When most people think of sporting goods, they think of equipment manufacturers like Wilson and Rawlings, apparel brands like Nike and Under Armour, and big box retailers like Sports Authority and Dick’s. It turns out that there is a whole other side to the sporting goods industry – and I don’t mean Lululemon and yoga mats. It is called the “team sports” business, and it is enormous: about $20 billion in annual sales in the US alone.
“Team sports” refers to the business of buying uniforms and equipment for youth & community leagues, as well as high school & college teams. The market is served primarily by local distributors, who maintain relationships with league managers, and coordinate bulk orders for equipment and uniforms. Simple enough, right? Think again. Imagine the nightmare of being asked to coordinate orders for a youth soccer league:
“Can you go collect the uniform specs (color swatches, style & cut, etc.) for each team? Make sure to get sign-off from each of the ‘Team Moms’. Then, get all 100 kids’ uniform sizes and jersey numbers. Hopefully they all remember their forms and checks. We’ll discuss referee gear, equipment, scoreboards, and other infrastructure later… we’re just getting started. The parents will be angry if the uniforms aren’t here on-time, and games start in two weeks, so make sure to stay on-top of the manufacturers and track the packages… we wouldn’t want a repeat of last year’s ‘turquoise-is-not-aquamarine’ debacle. By the way, Johnny’s mom just called to say that he had another growth spurt, so make sure and update his order from XL to XXL. When the uniforms arrive, make sure and find good local embroiderers, and verify that all the jersey numbers, last names, and sponsor logos are correct. Also, Timmy’s parents recently got divorced, so he wants the name on his jersey changed to Johnson instead of Peterson… also, he’s allergic to polyester.”
It’s no wonder that Sports Authority doesn’t even try to serve this business – it’s simply impossible to do out of a stationary warehouse staffed with generalist customer service reps who clock out at night. Local relationships and round-the-clock responsiveness are critical. Distributors connect weekly with the coaches, and often attend the games. It is a high-touch business: one study estimated that, to fulfill the average order, distributors make over 20 phone calls. Many distributors experience burnout or work-life balance issues.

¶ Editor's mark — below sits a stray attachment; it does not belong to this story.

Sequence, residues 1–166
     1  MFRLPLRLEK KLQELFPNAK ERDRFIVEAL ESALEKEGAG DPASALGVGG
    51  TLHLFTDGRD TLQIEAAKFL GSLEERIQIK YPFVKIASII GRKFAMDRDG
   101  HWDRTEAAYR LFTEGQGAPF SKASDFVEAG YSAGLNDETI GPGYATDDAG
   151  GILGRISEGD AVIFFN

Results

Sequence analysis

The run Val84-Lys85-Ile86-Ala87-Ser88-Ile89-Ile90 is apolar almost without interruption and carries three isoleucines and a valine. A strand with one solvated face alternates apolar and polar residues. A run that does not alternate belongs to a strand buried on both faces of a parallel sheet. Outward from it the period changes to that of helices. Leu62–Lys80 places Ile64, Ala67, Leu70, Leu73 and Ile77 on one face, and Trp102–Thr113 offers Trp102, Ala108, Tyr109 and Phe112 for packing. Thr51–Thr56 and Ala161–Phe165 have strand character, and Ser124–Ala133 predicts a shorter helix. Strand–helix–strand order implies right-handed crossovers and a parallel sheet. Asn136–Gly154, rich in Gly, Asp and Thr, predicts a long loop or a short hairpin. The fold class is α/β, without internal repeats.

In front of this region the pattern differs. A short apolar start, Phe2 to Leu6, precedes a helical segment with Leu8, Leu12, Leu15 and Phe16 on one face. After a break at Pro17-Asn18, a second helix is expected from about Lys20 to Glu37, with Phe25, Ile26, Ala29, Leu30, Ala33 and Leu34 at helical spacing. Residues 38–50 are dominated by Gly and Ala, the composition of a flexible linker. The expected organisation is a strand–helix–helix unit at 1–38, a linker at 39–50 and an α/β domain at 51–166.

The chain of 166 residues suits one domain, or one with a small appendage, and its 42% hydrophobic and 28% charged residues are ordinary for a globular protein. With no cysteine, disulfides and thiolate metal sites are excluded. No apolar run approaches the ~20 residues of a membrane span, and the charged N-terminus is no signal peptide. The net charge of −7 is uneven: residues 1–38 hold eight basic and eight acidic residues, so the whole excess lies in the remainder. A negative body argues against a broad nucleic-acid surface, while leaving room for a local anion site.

The team sports market has historically been extremely fragmented, with the majority of the market served by a combination of “one-man bands” and “mom & pop” retailers. Enter BSN Sports. Under the leadership of CEO Adam Blumenfeld, BSN is leading the team sports industry into the Digital Age.
BSN’s approach was designed explicitly not to disrupt the existing relationships between distributors and their local customers, but rather to strengthen those relationships, and make them stickier and more profitable. BSN provides its distributors with iPads, as well as access to BSN’s cloud-based ordering platform. The platform includes an online catalog, real-time inventory visibility, order placement & invoicing, shipment tracking and notification, and even an online design studio for each individual team, so that customers can “demo” different uniforms and logos before making purchase decisions. Individual players can even manage their own uniform specs and payments. BSN maintains close relationships with virtually all major equipment and apparel suppliers – often with discounted pricing and access to proprietary product offerings – so that distributors can offer customers a significantly larger catalog, and at superior pricing. BSN manages all of the back-end logistics and quality control, so that individual distributors don’t have to call a Taiwanese factory in the middle of the night if something goes wrong.
The response from both distributors and customers has been remarkable. Over the last several years, BSN has been vacuuming up one-man-band and mom-and-pop distributors across the country, becoming the country’s largest team sports company by a wide margin. BSN “acquires” the distributors for a certain multiple of their prior profits, and in exchange for becoming a BSN employee, the distributor gets access to the BSN platform and a steady salary (with commissions). Typically, within four years of coming on the platform, distributors’ sales increase by 3-4x. Better still, distributors report that, thanks to the reduction in errors, paperwork, and phone calls enabled by the BSN platform, they have better work-life balance. This digital transformation has made BSN the “team” of choice for team sports distributors.
Disclosure: The author is an investor in BSN Sports.